Language: EN


M5Paper QR Handshake

As some of you already know, one of the gifts that the kings have brought me is an M5Paper. I must have behaved very well. And, of course, it’s time to play a little with it and see how far we can take it.

For those of you who don’t know, the M5Paper is basically a device with an ESP32 (2 cores, Wifi + BT) and a 16-color 4.7” e-ink touchscreen.

E-ink screens have something special about them, and I think they have untapped potential in industry 4.0, due to their paper-like readability and low power consumption.

The first proof of concept is to take advantage of its ability to generate barcodes or QR codes, which can later be read by a computer or traditional reader, to function as a “Kanban card”.

And the result looks something like this.

Let’s explain what we are seeing. The M5Paper generates a QR code and displays it on the screen. Nothing really new here, there are even examples from the manufacturer on how to do it.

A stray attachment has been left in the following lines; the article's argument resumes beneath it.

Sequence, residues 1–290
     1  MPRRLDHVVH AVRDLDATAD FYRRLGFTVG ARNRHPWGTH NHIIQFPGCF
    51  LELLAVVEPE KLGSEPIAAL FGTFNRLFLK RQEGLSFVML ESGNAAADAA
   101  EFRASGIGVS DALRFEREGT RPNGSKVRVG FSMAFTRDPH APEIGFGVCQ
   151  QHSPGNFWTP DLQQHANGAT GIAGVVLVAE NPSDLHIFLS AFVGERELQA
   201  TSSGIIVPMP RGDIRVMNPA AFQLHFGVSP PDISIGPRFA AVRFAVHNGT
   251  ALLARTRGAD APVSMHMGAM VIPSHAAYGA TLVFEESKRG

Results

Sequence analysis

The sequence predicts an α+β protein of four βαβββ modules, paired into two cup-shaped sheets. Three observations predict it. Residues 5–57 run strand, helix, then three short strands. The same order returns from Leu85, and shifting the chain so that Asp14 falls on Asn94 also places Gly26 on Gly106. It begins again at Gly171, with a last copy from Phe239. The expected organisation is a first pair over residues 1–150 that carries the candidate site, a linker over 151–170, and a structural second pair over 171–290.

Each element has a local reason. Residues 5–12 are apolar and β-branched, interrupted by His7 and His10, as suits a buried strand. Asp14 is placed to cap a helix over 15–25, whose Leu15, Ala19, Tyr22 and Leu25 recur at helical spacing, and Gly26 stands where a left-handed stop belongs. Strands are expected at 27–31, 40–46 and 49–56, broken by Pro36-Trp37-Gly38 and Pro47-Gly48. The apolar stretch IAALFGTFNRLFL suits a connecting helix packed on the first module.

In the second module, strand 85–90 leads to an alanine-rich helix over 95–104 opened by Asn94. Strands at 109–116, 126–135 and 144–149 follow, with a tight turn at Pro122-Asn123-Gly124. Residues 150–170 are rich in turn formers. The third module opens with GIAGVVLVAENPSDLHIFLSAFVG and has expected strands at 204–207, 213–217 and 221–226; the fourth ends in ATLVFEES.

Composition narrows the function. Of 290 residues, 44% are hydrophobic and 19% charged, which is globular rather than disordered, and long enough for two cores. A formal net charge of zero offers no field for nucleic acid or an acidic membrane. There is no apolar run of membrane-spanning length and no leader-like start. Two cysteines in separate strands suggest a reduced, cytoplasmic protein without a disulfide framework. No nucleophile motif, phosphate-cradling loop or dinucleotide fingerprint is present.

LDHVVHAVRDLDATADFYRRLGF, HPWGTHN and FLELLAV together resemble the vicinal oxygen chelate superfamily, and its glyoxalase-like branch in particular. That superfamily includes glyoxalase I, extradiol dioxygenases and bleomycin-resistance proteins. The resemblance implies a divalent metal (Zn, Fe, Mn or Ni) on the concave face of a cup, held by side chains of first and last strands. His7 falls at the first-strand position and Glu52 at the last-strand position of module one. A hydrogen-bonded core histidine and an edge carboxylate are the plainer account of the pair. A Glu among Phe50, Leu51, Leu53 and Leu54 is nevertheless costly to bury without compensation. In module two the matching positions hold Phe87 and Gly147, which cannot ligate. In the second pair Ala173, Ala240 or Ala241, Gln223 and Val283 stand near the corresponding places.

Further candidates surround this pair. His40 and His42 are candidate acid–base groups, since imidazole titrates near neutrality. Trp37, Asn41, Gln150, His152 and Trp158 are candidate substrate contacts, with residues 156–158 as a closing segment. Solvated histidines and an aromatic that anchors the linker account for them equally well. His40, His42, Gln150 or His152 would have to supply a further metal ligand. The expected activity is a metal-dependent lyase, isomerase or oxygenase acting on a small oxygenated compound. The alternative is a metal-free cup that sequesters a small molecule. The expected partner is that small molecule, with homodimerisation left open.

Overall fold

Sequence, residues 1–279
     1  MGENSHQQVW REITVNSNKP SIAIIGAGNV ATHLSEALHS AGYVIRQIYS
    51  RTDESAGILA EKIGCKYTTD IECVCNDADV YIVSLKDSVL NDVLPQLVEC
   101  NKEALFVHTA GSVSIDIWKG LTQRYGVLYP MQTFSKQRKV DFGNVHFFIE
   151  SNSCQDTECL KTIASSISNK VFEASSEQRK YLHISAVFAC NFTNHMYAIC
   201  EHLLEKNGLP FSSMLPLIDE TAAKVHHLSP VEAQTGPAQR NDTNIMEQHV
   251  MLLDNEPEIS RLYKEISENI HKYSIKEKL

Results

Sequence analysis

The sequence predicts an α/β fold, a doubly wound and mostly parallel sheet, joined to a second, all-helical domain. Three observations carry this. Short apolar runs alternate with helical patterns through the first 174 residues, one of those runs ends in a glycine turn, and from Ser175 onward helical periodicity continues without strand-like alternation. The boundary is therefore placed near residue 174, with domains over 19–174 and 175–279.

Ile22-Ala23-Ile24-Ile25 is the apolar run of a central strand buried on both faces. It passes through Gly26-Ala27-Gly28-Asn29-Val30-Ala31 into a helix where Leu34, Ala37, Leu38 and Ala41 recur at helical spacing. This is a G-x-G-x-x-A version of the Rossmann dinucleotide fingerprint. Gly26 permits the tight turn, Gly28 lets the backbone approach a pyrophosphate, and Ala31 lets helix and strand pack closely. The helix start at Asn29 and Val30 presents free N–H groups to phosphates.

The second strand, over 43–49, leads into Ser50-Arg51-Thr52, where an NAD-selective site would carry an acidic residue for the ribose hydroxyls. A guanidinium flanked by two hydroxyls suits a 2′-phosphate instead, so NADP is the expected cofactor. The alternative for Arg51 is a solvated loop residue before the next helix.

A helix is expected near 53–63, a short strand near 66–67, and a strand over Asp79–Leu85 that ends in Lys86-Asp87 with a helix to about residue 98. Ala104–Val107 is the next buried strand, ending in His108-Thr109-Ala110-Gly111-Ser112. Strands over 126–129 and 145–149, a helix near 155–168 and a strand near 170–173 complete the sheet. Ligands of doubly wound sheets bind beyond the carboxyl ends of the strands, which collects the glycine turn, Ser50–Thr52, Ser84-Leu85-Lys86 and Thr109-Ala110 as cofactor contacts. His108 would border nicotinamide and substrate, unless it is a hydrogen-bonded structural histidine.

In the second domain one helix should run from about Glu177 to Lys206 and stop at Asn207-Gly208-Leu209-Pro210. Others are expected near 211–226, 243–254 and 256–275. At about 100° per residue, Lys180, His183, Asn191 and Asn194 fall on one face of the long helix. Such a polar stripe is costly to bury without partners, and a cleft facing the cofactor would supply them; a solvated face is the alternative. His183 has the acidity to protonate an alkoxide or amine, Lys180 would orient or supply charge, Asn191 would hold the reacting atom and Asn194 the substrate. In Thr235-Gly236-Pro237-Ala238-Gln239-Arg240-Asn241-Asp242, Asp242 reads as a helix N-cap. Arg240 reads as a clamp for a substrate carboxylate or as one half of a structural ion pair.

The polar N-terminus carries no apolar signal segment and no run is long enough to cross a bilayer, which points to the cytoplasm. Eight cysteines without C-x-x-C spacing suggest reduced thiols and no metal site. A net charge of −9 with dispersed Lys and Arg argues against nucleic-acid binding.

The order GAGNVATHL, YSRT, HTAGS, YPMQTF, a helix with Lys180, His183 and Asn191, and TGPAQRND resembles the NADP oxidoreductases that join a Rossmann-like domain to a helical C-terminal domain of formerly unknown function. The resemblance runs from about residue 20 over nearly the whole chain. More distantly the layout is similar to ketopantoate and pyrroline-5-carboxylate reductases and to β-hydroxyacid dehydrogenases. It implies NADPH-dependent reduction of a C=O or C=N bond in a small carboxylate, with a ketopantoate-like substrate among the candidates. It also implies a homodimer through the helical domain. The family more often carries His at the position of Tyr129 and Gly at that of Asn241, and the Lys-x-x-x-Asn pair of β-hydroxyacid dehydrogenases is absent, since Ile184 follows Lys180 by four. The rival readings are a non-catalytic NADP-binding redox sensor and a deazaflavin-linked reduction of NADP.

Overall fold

In this QR code, I have inserted a Json file containing the necessary data to connect to the device (ID, IP) and a small payload. In this demo, simply “M5Paper Test -” (with a little watermark, since we are).

This code is read from a computer with an application written in C#, and the software uses the connection data read in the QR to establish communication with the device (handshaking) and send it more information. In the demo “HELLO DEVICE {ID}“.

In a real environment, the e-ink screen would receive data such as a manufacturing order, the next station to go to, or whatever we want. Then it would generate another QR (if necessary) to chain actions.

The interesting thing about this solution is that it is practically “infrastructure less”. You don’t need to register the device, or configure IPs, … practically nothing.

Of course, there are other ways to identify the proximity of a device, such as BT beacons, etc. But this one is relatively easy, robust, and flexible. It is also a simple way to integrate with legacy systems that currently use barcode readers.

Well, a little (and quite fun) test that might inspire you. In the next project, we will see how to display graphic information on the e-ink screen. Until next time!